Katie Paine’s Super Six Steps to Measurement

  1. Define your stakeholders
  2. Determine which metrics to use
  3. Benchmark against yourself or your competition over time
  4. Pick your measurement tool and technology
  5. Analyze the results and start over

Once you can prove you are adding value, people will look to you to partner with on meaningful projects in the future.

By Miriam Alexis Jordan

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5 Comments leave one →
  1. May 26, 2009 9:28 am

    What you’re not realizing about the Up Your Budget campaign I created for Cendant in *2005* was that this was a pioneering effort for a Fortune 500 company. They simply wanted to know whether an interactive, all-blog online campaign *could* generate interest for less than the cost of *one* 30-second commercial.

    They did not set up metrics – despite our request that they should – to measure conversion or even traffic to their site. They did not offer a coupon, or any type of incentive.

    It was a pure-play blog-based campaign whose intent was to prove the viability of interactive Internet marketing.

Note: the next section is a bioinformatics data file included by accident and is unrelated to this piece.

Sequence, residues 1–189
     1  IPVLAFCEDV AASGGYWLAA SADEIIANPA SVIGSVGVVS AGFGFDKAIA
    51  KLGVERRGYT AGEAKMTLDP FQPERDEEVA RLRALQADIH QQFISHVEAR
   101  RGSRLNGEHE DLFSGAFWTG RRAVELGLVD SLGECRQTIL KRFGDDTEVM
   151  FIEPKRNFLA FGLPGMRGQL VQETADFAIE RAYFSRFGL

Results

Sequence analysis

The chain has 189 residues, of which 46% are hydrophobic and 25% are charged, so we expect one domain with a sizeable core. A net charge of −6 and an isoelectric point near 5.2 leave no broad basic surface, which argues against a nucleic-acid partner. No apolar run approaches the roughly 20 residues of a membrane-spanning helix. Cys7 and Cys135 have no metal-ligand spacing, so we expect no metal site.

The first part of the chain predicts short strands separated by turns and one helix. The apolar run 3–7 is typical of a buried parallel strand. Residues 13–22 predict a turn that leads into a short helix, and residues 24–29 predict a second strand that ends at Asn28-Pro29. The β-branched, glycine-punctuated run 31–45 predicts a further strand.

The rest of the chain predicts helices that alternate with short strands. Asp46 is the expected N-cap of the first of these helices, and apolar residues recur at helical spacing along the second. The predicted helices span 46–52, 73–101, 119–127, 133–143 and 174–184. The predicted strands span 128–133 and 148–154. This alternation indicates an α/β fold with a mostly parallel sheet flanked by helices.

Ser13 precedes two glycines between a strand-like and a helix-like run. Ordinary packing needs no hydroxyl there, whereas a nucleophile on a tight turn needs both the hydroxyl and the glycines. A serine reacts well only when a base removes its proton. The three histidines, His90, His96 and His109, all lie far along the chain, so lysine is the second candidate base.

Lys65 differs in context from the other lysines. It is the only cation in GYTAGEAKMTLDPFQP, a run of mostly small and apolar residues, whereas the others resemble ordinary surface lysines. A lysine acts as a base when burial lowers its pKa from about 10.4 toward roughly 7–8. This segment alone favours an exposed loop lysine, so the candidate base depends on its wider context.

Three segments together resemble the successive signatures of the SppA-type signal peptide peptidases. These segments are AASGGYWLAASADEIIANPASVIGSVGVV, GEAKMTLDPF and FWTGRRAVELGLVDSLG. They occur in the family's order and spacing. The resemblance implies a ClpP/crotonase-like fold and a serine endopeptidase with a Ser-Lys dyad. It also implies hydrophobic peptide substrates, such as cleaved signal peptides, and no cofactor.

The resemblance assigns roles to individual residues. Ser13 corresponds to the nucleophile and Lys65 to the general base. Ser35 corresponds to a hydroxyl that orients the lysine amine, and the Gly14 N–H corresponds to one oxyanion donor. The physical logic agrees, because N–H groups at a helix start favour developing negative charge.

Glad you found the case study impressive. :>)

    • ssmstudent permalink
      May 26, 2009 6:14 pm

      Yes, thank you so much for sharing your insight. We are learning the importance of determining what we want to measure prior to any campaign, and the benefit of monitoring and analyzing data to look for trends and shifts in consumer interests.
      I would imagine that you are seeing more organizations including social media tools as part of their marketing/communications plan. Do you find that people are still reluctant to measure? – Miriam

  2. May 26, 2009 2:39 pm

    Howdy!

    Sounds like a fabulous presentation. Kami is a wealth of information, and some of the work she’s done is really full of great examples to follow. Thanks for sharing her mention of our platform, and for such a comprehensive overview of the great content she provided.

    Cheers,
    Amber Naslund
    Director of Community, Radian6
    @ambercadabra

    • ssmstudent permalink
      May 26, 2009 6:29 pm

      Greetings, Amber Naslund! Learning about strategic social media has been such a valuable experience. I am impressed with the level of writing that takes place over the Internet. So much to learn. Thank you for reading my overview. Sincerely, Miriam